The Real Reason Why Oracle Costs So Much

The MySQL She-BA

The MySQL She-BA

(The Executive Summary: I left my job last week, health and I start working at The Pythian Group on Monday. Go to their website if you’d like to work with me, sildenafil or with people just as knowledgeable as me.)

I get inquiries all the time about consulting. Folks are madly searching for experienced MySQL DBAs. The lure of a new environment is always tempting, medicine however, working for any one environment has its quirks. In October I realized I was coming up on having worked 2 years at my job. That’s not a very long period of time, but it certainly was long enough for me to learn the environment and get stuck in a rut — mostly my rut was doing more systems work than database work.

I looked around for other places of work, and had a wonderful interview at an awesome company to boot. However, they were also a product company, and I’d decided that I wanted to move to a service company. That is, a company that provides database services to a wide variety of environments. A company that sells products still usually has one environment, or at least one environment that I would work in. With a service-oriented company, such as a consulting firm, I can gain the experience of many environments and many setups.

Learning from my co-workers is important too — too many shops have only 1 or 2 MySQL DBA positions, which leaves me with 1 or 0 MySQL colleagues at work. Being the big fish in a small pond has its advantages, but it’s also too easy to get caught in my own ways of doing things and not see another side of things.

So, I thought about where I’d want to work. There are many great MySQL consulting firms out there. I looked at the ones I knew about — most of the ones run by Planet MySQLers I ruled out because either I didn’t have the right skillset (I’m not a programmer, C or otherwise!) or because I thought there might be personality conflicts, or because I’d have to move.

That was a big one — having to move. I have to stay in the Boston area, at least for now. My husband and I discussed things, and we’re not willing to move right now. Also, I hate too much travel. Anything more than 10% really wears me down. And that, sadly, put MySQL’s own consulting out of the running. I just cannot travel that much.

So where does that leave me? Well, I called up The Pythian Group and we had a few hours of great phone conversations.

Next week, I fly to Ottawa for training! There will be a Boston office opening, but that’s after I finish 2-3 weeks of training.

I’m very excited to learn more about how The Pythian Group operates, as well as getting down and dirty with different environments, and solving lots of problems.

The MySQL She-BA

(The Executive Summary: I left my job last week, health and I start working at The Pythian Group on Monday. Go to their website if you’d like to work with me, sildenafil or with people just as knowledgeable as me.)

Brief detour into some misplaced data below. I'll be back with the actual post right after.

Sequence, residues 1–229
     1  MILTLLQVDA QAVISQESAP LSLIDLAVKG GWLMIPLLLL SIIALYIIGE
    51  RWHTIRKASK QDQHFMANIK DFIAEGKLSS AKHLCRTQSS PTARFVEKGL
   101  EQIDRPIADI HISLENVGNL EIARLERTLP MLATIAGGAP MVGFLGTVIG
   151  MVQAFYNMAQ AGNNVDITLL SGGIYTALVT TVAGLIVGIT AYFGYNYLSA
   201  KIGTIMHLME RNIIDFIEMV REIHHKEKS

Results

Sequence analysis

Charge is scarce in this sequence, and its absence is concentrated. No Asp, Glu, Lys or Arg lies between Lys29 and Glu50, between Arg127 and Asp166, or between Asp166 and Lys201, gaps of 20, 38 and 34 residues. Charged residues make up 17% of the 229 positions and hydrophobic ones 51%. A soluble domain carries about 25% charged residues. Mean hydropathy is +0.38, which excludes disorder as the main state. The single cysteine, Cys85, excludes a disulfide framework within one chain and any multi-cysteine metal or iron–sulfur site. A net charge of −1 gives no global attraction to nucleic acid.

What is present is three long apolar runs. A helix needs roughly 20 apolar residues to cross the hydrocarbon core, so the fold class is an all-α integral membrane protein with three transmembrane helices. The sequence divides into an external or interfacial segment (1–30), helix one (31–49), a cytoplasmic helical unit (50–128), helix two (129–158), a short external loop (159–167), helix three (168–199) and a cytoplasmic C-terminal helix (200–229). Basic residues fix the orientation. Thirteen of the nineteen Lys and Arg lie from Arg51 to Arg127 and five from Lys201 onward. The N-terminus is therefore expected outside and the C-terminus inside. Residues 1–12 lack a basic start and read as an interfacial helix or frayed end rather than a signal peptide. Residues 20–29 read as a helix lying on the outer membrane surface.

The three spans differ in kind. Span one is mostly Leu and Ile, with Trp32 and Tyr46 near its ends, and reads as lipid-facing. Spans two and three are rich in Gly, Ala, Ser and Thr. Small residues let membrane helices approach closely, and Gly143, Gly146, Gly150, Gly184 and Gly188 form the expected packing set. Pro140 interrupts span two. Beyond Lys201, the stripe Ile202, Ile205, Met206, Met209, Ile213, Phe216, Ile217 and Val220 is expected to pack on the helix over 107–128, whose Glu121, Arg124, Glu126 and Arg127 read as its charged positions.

I get inquiries all the time about consulting. Folks are madly searching for experienced MySQL DBAs. The lure of a new environment is always tempting, medicine however, working for any one environment has its quirks. In October I realized I was coming up on having worked 2 years at my job. That’s not a very long period of time, but it certainly was long enough for me to learn the environment and get stuck in a rut — mostly my rut was doing more systems work than database work.

I looked around for other places of work, and had a wonderful interview at an awesome company to boot. However, they were also a product company, and I’d decided that I wanted to move to a service company. That is, a company that provides database services to a wide variety of environments. A company that sells products still usually has one environment, or at least one environment that I would work in. With a service-oriented company, such as a consulting firm, I can gain the experience of many environments and many setups.

Learning from my co-workers is important too — too many shops have only 1 or 2 MySQL DBA positions, which leaves me with 1 or 0 MySQL colleagues at work. Being the big fish in a small pond has its advantages, but it’s also too easy to get caught in my own ways of doing things and not see another side of things.

So, I thought about where I’d want to work. There are many great MySQL consulting firms out there. I looked at the ones I knew about — most of the ones run by Planet MySQLers I ruled out because either I didn’t have the right skillset (I’m not a programmer, C or otherwise!) or because I thought there might be personality conflicts, or because I’d have to move.

That was a big one — having to move. I have to stay in the Boston area, at least for now. My husband and I discussed things, and we’re not willing to move right now. Also, I hate too much travel. Anything more than 10% really wears me down. And that, sadly, put MySQL’s own consulting out of the running. I just cannot travel that much.

So where does that leave me? Well, I called up The Pythian Group and we had a few hours of great phone conversations.

Next week, I fly to Ottawa for training! There will be a Boston office opening, but that’s after I finish 2-3 weeks of training.